This analyst believes that with the current financial situation in the United States, the costs of the Iraqi and Afghan conflicts, the Navy and Air Force shortfalls in aircraft, and other factors will make shipbuilding budgets of more than $12 billion highly unlikely; probably less money will be available for that purpose. Will DoD and the Congress — and even the non-nuclear segments of the Navy — permit almost $5 billion per year, i.e., some 40 to possibly 50 percent of the annual shipbuilding budget, to be spent on two attack submarines?

Today the Navy has 53 attack submarines; a building rate of two per year would increase the number to about 60 “boats.” A rate of 1–1/2 annually would mean 45 submarines, while one per year would lead to a 30-submarine force.

The situation is exacerbated as some observers are questioning the role of the attack submarine on the “war on terror” — a component of what DoD calls “irregular warfare.” While SSNs are useful for clandestine surveillance in forward areas, and possibly for tracking North Korean merchant ships, their role in irregular warfare is not clear. Secretary of Defense Robert Gates has called for a military force structure that is 50 percent focused on conventional warfare, 10 percent focused on irregular warfare, and 40 percent focused on dual-use capabilities. The category — or categories — for attack submarines is not completely clear.

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Farah Hit Shows Need for COIN Plane

Monday, June 29th, 2009

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I know it’s been out for a while, but I thought I’d give the recently released investigation report on the air strikes in Farah province Afghanistan a chop and post the entire report here.

You might remember this was the latest high-profile close air support strike on a village that allegedly killed as many as 140 civilians — but probably killed more like 60 (still a WAY too high number) during a day-long battle in Farah province in May.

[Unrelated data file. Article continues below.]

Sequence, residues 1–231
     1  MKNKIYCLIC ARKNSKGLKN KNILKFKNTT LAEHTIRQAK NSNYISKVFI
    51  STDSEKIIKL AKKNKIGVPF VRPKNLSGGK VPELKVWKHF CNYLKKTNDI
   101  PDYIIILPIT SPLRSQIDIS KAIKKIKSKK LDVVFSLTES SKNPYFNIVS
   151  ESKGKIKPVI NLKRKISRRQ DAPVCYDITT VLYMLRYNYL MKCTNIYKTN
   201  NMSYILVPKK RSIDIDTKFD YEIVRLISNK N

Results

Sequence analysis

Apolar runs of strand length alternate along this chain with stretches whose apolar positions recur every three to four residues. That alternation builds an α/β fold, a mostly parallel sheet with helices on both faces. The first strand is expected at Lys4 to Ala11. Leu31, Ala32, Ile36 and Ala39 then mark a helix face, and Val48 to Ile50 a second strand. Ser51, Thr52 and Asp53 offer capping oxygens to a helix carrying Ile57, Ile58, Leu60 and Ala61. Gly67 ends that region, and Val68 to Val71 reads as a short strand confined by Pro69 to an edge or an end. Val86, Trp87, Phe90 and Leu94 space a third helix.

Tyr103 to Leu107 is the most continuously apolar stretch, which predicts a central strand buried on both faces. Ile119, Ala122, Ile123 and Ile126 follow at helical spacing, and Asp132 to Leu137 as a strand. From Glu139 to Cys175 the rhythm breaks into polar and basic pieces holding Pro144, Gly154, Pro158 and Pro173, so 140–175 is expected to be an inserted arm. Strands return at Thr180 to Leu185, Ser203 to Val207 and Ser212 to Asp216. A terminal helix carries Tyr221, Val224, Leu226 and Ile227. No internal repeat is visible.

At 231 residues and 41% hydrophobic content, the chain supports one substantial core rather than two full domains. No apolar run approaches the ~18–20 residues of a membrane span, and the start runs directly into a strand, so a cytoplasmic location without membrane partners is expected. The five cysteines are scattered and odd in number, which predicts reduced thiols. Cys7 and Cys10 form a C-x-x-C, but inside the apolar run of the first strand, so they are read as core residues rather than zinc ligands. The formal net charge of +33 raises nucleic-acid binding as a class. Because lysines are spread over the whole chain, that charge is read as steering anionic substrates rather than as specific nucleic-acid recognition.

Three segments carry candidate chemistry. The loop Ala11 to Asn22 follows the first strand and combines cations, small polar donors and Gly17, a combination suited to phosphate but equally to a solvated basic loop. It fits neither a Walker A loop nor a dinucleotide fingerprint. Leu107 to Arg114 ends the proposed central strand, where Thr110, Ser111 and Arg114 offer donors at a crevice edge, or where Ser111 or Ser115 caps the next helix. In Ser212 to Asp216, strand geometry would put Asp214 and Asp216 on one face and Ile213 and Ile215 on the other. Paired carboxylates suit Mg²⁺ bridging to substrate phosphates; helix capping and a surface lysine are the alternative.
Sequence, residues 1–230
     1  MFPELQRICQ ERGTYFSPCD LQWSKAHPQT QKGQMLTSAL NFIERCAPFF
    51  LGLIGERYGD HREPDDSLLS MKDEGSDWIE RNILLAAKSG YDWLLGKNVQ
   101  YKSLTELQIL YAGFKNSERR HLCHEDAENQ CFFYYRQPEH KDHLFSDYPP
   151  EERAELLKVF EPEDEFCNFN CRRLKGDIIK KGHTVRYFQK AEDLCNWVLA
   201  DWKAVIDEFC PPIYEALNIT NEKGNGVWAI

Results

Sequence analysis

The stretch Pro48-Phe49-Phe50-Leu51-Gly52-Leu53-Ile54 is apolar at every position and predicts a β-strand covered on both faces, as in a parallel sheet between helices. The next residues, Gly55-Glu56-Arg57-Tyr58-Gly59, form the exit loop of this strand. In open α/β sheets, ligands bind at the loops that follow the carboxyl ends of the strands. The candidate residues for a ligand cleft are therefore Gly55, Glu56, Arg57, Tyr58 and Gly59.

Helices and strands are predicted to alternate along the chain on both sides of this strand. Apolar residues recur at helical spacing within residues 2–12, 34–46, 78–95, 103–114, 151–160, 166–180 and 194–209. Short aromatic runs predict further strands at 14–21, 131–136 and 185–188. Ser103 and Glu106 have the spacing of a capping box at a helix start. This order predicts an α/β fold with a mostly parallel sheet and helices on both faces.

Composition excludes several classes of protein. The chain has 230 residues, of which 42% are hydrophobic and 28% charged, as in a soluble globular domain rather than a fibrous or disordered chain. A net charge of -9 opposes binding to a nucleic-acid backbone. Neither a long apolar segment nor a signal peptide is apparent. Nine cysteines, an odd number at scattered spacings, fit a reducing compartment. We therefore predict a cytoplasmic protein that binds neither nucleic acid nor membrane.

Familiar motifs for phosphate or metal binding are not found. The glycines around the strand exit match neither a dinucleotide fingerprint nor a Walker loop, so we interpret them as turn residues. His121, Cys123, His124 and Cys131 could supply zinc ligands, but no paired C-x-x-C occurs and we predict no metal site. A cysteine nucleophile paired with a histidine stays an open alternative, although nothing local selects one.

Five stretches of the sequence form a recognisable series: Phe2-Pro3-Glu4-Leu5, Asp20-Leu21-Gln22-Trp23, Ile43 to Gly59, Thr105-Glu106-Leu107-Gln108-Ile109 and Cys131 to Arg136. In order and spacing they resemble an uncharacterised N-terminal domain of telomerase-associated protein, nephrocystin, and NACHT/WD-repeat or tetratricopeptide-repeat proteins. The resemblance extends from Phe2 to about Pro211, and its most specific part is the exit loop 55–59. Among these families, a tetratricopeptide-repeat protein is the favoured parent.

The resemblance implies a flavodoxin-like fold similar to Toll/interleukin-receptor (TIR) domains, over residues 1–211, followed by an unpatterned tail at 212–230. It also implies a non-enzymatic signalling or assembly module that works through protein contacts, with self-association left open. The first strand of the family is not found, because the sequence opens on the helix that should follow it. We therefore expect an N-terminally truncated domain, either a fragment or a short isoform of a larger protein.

I’m not going to get into the whole idea of using CAS in villages against an enemy that may (or may not) be deliberately hiding amongst civilians, the perception versus reality arguments and any doctrinal issues. We can cover that at DoD Buzz and Military​.com, but I have a purely defense tech-related issue I’d like to bring forward for you to consider as an outgrowth of the investigation’s findings.

The report states that there were essentially two rounds of air strikes called in by a Marine Corps Special Operations team which was acting as a QRF for Afghan forces and their “coalition” trainers (it doesn’t say where these trainers were from but they could have been other Marines or Brits) who came into contact with enemy forces around 3pm on May 4 during a patrol intended to secure a small village rumored to have been hassled by foreign Taliban.

The MarSoc bubbas took control of the CAS when they arrived on scene and talked in an escalation of force strike with four F/A-18Fs which popped flares, did a couple gun runs and eventually dropped some bombs on confirmed Taliban positions that the MarSoc commander observed and confirmed for each strike.

While the direct fire stopped for a while, the enemy was never completely suppressed. But the Hornets were running out of juice, so they had to RTB. In came our Soviet nuclear strike bomber to save the day.

Four hours later, as the Marines and Afghan forces were waiting for a medivac chopper and coming under intermittent fire from a nearby village, a B-1B Lancer called in on station. It dark by then and the B-1 spotted a group of military looking men walking toward the village to reinforce the enemy firing on the Marines and ANA. Of course, this was almost a mile away from the ground force commander, so he had to trust the B-1’s thermals and used “a variety of real-time intelligence resources” which probably means he was listening to a radio scanner and having the jibberish translated to confirm that the group was coming in for the kill.